Friday, March 7, 2014

in loving memory of a maple tree

(writing assignment-memories, tree, love)
 my aunt carol's laugh
was like a muted tenor saxophone,
low notes and high notes
 musically interwoven with
familiar nasal midwestern blares,
hers being the loudest as
the rest of the orchestra,
joined in.
cigarette between red lacquered fingers with glittery rings
and long dyed red hair, up in a dated do,
she'd sip her gin and tonic on ice
with clinks of relief,
as she muttered another one liner or a jab
at her grinning husband-
through a cloud of smoke-
and with another blare of her sax-
 the rest of the orchestra joined in.
stomping clapping and knee slapping
kept the beat and the roll of her wit and ire.
us kids hiding in corners,
silently mimicking,
silently joining,
silently recording,
this harvest gold and avocado green scene of life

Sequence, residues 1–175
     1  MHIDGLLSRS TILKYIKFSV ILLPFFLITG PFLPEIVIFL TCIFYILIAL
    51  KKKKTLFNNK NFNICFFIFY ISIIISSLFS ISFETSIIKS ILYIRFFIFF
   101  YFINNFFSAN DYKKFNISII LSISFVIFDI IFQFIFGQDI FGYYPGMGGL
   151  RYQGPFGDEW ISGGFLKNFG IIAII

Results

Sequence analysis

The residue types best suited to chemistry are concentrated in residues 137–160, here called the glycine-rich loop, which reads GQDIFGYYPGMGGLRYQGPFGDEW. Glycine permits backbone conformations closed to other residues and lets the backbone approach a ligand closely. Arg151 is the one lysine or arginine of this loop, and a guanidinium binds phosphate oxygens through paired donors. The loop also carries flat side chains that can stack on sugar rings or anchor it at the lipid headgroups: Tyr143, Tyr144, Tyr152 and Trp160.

dreaming of the day we,
would play our own compositions.
the maple trees stood standing in the cool clean air outside,
along the sidewalk,
ever so slowly pushing up the slabs of ground granite
just for me to roller skate up and over.
skate key on a string round my neck,
cool and steel in my mouth,
the orchestra played on in the hot smoky house
as I now sat on the front steps
tightening the skates upon my red ball jets.
I loved the sound of the steel wheels on the concrete,
drowning out the muffled blares from within.
I knew every crack and ant hill and root and marble pot
along that shady sidewalk
as I coasted back and forth on my forever block.
I thought aunt carol would be forever.
I thought the maple trees would be forever.
I thought the sidewalk would be forever.
but they're all gone now
only existing fondly in these memories of love.